People can now choose “pain-free” labor for babies, and remedies to cure back pain, headaches, body-pains and even mental pains are a dime a dozen. Beyond medicine, we also work hard to experience little pain even when it comes to loss; often times we believe a breakup won’t hurt as much if we are the ones to call it off.

                But would a world without pain truly be painless? It’s unlikely. In fact, it would probably be painful exactly for that reason.

                If people never experienced hurt, they wouldn’t know what it was. On the surface level, that seems like a blessing, but think for a moment: if we didn’t know pain, how would we know peace? If you don’t know you’ve hurt or been hurt, how would you know that you need to heal? Imagine someone only knowing they have an incurable cancer at the final stage because no obvious symptoms have appeared at early stages.

                Without the feeling of pain, people won’t be aware of dangerous situations—what should or shouldn’t do for survival.

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                Pain Is Our Guardian

                Pain serves to protect human beings from harmful actions. It’s the same reason parents teach babies that fire equals hot, and that hot equals hurt. Should the baby still place its hand in a fire or on a stove, the intense pain remains so memorable, that the child is certain never to repeat that action.

                In the same way, pain within human bodies can serve as a warning that something is not right. Because you know what it is to feel “well,” you know what it is to feel poorly.[1]

                Along with serving as a teacher of what not to do, pain also teaches you what you are made of in terms of what you can handle as an individual.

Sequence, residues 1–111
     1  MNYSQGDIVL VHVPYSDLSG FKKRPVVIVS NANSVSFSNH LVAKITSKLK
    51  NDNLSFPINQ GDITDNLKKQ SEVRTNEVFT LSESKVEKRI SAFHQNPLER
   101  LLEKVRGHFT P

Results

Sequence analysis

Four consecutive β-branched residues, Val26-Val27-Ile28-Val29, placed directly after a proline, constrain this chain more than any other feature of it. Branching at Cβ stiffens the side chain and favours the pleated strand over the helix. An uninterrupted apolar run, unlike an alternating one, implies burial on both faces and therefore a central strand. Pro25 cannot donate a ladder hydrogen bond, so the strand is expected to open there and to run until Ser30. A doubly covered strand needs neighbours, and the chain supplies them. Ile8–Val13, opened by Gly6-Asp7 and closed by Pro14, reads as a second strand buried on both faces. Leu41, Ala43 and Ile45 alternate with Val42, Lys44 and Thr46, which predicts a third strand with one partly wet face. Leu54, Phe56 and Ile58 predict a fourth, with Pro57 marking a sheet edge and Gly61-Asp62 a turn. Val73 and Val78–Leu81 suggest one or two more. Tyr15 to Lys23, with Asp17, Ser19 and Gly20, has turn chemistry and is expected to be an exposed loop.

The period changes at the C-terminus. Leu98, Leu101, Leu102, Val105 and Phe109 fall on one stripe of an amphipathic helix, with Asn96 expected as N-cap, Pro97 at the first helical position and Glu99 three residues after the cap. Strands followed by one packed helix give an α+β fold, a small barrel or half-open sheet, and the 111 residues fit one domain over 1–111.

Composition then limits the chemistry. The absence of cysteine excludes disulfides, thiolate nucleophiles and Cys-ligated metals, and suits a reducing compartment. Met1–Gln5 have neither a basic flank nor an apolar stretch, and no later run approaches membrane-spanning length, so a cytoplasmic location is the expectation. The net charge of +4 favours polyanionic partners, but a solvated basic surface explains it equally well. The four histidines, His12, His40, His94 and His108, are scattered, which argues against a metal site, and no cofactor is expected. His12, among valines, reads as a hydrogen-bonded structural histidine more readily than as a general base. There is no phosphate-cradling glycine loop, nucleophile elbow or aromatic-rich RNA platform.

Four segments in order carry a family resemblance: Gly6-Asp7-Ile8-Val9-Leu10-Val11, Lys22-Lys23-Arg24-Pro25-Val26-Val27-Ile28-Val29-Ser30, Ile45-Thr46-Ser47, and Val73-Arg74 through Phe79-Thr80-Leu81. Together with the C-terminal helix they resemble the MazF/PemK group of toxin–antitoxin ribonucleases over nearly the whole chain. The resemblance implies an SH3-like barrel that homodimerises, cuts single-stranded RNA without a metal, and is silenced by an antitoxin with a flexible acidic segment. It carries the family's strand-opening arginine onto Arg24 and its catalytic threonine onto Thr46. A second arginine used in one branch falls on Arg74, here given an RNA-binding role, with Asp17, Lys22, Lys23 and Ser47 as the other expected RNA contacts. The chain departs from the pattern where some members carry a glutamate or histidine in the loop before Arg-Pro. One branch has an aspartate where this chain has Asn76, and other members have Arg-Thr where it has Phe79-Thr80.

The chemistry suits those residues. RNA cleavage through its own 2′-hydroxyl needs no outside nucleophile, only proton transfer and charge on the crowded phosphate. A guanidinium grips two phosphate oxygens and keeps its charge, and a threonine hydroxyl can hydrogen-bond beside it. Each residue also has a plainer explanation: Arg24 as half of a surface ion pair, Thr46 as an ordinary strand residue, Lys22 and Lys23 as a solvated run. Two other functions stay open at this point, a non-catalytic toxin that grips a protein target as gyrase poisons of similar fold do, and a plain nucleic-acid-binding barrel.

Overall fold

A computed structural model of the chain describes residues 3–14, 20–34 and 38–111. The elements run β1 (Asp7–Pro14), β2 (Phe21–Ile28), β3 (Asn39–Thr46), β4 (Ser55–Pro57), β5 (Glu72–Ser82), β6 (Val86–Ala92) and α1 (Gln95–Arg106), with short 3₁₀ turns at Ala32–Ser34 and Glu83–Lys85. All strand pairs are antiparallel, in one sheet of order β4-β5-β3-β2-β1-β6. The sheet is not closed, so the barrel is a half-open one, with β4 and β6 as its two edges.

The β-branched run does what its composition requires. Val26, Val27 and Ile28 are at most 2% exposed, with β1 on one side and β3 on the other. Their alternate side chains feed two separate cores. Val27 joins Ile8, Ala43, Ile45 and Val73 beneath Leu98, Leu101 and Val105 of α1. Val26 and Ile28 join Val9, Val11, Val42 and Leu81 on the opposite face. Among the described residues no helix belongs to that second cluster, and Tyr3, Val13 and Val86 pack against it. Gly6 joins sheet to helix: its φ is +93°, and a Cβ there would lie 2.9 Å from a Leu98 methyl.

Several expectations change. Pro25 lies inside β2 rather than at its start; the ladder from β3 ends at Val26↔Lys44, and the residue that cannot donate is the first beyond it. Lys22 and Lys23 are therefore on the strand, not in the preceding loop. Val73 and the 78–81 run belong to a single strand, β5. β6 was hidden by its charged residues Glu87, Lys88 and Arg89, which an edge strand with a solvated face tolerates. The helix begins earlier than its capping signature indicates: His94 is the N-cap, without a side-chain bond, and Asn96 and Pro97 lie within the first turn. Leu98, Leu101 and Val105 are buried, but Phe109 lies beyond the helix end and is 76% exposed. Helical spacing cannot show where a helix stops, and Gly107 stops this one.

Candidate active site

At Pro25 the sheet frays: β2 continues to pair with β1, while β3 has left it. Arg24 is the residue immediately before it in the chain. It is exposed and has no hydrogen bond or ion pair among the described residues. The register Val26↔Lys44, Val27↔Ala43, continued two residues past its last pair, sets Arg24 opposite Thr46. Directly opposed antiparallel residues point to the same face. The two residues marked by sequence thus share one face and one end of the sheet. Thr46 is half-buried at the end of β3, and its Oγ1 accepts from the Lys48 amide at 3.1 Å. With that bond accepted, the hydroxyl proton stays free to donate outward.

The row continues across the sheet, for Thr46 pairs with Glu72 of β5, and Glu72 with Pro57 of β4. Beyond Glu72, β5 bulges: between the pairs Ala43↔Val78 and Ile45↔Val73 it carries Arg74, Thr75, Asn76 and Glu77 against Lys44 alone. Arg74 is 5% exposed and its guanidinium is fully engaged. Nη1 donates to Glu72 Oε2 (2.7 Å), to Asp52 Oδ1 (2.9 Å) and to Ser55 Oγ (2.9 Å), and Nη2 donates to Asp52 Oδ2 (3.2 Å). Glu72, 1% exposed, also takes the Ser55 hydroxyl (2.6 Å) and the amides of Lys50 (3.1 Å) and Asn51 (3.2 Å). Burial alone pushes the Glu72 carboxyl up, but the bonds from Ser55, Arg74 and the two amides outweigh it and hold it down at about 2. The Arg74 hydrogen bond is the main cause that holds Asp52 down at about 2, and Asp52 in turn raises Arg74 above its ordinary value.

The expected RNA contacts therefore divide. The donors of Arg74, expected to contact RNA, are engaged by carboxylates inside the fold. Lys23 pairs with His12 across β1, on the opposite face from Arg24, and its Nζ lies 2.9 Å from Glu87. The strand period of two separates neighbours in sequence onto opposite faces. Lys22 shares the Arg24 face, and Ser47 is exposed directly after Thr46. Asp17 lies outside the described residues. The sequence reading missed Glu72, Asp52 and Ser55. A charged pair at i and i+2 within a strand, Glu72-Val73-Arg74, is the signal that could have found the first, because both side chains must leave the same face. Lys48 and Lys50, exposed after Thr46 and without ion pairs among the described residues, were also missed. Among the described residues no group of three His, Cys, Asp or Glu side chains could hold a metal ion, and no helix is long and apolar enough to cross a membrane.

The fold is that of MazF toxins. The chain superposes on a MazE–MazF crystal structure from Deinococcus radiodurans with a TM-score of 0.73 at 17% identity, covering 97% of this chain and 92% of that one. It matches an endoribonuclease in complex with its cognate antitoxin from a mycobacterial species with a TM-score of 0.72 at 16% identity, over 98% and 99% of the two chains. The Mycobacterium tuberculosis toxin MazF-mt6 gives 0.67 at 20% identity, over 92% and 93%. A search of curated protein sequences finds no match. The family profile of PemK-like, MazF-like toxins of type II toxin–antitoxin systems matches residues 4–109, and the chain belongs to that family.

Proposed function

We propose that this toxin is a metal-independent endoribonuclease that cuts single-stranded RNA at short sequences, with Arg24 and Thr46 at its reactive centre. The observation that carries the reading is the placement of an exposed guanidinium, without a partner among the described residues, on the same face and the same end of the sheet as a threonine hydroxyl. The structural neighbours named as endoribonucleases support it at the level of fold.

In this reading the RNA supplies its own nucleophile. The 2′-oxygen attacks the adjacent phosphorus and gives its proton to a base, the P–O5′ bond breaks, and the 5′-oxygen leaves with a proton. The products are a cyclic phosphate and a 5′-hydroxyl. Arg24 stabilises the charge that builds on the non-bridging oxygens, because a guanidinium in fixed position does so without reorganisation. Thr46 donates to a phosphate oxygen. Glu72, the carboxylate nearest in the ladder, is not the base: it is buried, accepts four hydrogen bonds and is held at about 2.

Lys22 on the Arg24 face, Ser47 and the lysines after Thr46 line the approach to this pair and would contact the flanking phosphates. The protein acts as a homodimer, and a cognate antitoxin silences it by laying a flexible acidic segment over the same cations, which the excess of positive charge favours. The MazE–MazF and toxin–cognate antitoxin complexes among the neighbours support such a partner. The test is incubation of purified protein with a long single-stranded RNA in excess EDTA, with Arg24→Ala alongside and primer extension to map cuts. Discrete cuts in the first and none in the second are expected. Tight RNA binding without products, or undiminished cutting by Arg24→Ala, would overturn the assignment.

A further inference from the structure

While the cliche, “What doesn’t kill you makes you stronger” is a tired term, it’s used excessively for a reason: it’s true. Pain helps you learn to cope with life’s inevitable difficulties and sadnesses— to develop the grit it takes to push past hardships and carry on.

                Whether it’s a shattering pain, like the loss of a loved one or a debilitating accident, pain affects everyone differently. But it still affects everyone. Take a breakup as an example, anyone who has experienced it knows it can hurt to the point of feeling physical. Especially the first breakup. At a young age, it feels like the loss of the only love you’ll ever know. As you grow and learn, you realize you’re more resilient with every ended relationship.

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                No Pain, No Happiness

                You only know happiness when you have known pain. While the idea of constant happiness sounds nice, there is little chance it would be. Without the comparison to happiness, there’s no reason to be grateful for it. That is to say, without ever knowing sadness or pain, you would have no reason to be grateful for happiness.

                In reality, there is always something missing, or something unpleasant, but it is only through those realizations that you know to be grateful when you feel you have it all. Read more about why happiness and pain have to exist together: Chasing Happiness Won’t Make You Happy

                In a somewhat counter-intuitive finding, researchers found one of the things that brings about the most happiness is challenge. When people are tested, they experience a greater sense of accomplishment and happiness when they are successful. It is largely for this reason that low-income individuals can often feel happier than those who have a sense of wealth.[2]